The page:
Noam Chomsky – Dangers of Standardized Testing

“Not everything important is measurable and not everything measurable is important.”
Elliot Eisner, Educator

In this short video (under 7 1/2 minutes), Noam Chomsky very neatly summarises what's wrong with today's obsession with standardized testing and the harm that it's doing in school systems, individual schools and at the level of the individual teacher and student.

For those who might want the interview in written form, the link is here:
Creative Systems Thinking - Noam Chomsky

Experience tells us, throughout the world, that when these standardized systems of assessment are challenged the people who defend them are the children who performed highest (or expected to) and their parents under the rigid system. They happen to be the children who have figured out how to 'play the game' of giving testers what they want and are happy for their A grades to just keep rolling in without any real effort. However, I would argue that even they are failed by the standardized system as they don't get stretched to fulfill their potential or challenged to go ahead of where they are. More formative assessment processes focus more on momentum and progress forwards for each and every student.

Probably the biggest hurdle to getting real, across the board, effective change is that the testing industry is now vast and highly profitable. I've seen suggestions that in the US alone the revenues from testing are around one and half times the revenues earned by cinema box offices. This is a powerful force with strong political connections that is determined to spread their approach throughout the world. A further challenge comes in those places where the teachers see their lives as easier where there is standardized testing and therefore don't speak up. Administering some multiple choice based exams developed by an external party takes far less effort than engaging mentally and continuously with the formative process of figuring out for each and every student in the class what they need, where they need to go and how they need to learn to progress from where they are.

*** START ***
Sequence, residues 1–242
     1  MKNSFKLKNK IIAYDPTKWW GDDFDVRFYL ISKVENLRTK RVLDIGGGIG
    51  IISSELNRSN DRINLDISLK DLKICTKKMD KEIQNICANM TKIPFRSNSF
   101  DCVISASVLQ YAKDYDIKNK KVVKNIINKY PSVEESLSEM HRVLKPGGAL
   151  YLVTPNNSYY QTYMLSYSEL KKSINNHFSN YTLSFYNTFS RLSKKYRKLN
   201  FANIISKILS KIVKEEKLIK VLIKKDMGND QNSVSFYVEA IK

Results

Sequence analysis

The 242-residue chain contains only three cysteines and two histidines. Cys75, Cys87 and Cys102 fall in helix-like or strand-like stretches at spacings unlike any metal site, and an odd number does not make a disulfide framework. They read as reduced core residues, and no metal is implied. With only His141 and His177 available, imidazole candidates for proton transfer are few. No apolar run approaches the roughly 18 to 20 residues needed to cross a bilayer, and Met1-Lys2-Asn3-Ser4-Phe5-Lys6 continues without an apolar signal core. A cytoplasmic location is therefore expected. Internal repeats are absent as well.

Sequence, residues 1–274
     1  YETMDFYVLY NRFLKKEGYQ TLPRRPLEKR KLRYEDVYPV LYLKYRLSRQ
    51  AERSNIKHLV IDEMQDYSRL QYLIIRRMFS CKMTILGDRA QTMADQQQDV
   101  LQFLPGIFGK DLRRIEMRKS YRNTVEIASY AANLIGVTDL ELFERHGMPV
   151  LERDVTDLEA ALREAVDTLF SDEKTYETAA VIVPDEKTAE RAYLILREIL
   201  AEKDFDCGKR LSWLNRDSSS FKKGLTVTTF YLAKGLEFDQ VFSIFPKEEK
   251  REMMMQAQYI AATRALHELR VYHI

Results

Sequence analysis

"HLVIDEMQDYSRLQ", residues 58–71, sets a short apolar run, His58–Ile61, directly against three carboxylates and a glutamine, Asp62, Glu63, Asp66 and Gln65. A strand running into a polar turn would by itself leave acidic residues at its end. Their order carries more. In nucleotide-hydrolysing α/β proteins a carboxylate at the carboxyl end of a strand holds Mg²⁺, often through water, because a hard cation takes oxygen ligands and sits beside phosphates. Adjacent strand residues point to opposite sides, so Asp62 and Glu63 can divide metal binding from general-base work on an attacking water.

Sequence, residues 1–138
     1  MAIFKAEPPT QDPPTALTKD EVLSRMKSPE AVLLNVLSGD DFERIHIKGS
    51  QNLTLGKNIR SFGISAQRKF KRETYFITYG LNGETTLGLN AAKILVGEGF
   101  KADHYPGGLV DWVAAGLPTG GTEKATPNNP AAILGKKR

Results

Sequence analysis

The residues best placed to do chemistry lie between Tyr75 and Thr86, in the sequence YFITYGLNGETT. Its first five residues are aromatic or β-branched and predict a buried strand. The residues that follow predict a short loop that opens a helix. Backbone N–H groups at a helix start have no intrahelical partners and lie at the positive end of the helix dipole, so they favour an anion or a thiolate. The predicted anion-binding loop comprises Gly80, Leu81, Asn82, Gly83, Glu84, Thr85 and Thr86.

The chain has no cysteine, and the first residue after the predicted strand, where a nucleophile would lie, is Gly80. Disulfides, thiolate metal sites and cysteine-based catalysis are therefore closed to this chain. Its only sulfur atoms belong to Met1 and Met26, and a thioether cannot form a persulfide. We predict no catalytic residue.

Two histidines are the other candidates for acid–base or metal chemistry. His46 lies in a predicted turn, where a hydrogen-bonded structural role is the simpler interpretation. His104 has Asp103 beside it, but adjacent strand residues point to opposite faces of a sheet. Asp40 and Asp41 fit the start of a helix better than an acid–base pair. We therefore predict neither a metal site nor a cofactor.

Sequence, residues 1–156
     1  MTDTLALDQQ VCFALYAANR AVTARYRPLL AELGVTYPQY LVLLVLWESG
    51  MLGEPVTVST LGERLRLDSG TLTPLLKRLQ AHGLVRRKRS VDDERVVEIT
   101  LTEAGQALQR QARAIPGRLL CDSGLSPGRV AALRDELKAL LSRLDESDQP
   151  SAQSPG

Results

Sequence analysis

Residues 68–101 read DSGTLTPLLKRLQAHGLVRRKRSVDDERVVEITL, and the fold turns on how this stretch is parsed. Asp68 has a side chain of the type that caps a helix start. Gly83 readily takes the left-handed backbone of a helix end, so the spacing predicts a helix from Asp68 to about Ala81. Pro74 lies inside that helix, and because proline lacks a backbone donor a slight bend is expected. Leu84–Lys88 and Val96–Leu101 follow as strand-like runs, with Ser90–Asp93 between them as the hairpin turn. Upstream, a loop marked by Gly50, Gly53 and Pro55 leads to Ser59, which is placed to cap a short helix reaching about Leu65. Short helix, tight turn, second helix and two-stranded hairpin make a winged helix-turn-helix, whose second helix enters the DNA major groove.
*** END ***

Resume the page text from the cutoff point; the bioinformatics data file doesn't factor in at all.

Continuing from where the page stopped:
We know there's something wrong when the teachers and learning have become subjugated to the testing, instead of the other way around. Never mind that the tests fail to give feedback of any real value or merit, especially when it comes to the development of twenty first century competencies and skills. There is very important work to be done in this area by educators throughout the world.

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